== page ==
This blog outlines a framework taught by Stone Librande, Lead Designer at Riot Games, in his game design class at CMU, that allows for quick development of games and evaluation of their design. More specifically, by following the framework, you can start developing your game in less than 15 minutes and iterate on it quite a few times by the end of the hour.
The diagram represents the framework we use to approach our design:
Here we define some terms used in the framework.
START: The initial state of all the elements in the game that collectively represent the initial state of the game.
GOAL: The final desirable state of the game that needs to be achieved to end the game.
OBSTACLES: Situations in the game that can hamper possible progress.
DECISIONS: Player choices that help solve or avert obstacles.
RULES: A framework that binds all the elements mentioned above in single entity by defining possible actions that the player can and cannot take.
INTERACTION: Player’s actions that change the game state.
Step 1: Starting off, think of a possible theme for the game or a few items you want to use to develop your game. In class, we usually start with a pack of cards or a few poker chips.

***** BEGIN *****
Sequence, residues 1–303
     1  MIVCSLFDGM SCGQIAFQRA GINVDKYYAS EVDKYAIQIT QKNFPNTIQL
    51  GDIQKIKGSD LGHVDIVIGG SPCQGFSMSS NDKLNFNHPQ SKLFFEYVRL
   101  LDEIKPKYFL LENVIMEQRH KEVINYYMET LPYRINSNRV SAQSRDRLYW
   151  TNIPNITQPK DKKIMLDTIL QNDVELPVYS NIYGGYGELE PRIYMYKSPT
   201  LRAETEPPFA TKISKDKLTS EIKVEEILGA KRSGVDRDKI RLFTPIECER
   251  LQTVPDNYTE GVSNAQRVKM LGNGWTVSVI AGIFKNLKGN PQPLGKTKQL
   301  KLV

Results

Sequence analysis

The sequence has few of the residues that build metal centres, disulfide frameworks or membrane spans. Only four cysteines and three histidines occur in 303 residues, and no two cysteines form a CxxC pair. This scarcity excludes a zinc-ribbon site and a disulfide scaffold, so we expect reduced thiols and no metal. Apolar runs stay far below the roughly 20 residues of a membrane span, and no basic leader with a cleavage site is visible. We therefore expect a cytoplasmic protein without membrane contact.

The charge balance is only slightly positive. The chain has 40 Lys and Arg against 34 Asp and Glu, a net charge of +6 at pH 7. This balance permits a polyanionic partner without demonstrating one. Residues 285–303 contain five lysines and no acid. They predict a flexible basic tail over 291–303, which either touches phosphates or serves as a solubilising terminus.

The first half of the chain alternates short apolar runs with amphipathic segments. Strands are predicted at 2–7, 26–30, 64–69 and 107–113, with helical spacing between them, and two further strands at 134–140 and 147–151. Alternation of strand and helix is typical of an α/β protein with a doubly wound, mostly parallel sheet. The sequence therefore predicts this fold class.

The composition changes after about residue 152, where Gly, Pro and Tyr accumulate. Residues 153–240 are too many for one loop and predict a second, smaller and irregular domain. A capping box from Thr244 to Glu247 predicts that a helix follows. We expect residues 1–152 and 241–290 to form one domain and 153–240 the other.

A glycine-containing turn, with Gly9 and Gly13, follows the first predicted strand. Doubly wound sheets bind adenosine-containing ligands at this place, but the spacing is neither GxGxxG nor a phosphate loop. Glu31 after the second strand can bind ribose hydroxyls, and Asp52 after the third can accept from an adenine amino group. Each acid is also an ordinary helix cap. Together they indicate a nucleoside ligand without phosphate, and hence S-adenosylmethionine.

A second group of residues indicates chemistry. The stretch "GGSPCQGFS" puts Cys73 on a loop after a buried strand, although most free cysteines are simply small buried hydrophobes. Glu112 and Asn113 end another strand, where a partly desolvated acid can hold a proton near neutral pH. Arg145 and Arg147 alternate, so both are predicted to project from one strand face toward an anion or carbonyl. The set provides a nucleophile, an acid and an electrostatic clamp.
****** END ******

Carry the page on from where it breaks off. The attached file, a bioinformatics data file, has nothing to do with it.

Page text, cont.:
Step 2: Proceed to write a GOAL for the game. This can come from a number of places — your theme, the items you picked, the number of players, etc.
Step 3: Define the START state of the game. This includes setup as well.
Eg: All players start with 5 cards and each player only has cards of a particular suite.
Step 4: Make up a rule that helps the player(s) get from the START state to the GOAL.
YOU HAVE A GAME!
Step 5: Play it.
Step 6: It is time to evaluate your game. This is the tricky part. A lot of the evaluation is subjective and that is why game design is hard. Think about the rule and whether it is an obstacle or an interaction for the player. Does the obstacle provide a dramatic moment for the player(s)? Does it excite players to try to overcome it? Does it
Step 7: Make changes to the rule based on your evaluation.
Loop from Step 4 to Step 7 until you run out of time.
It is hard to say what kind of game you would end up with after an hour. What I am sure of is that you have a great starting point for a project that can last for a week or a year.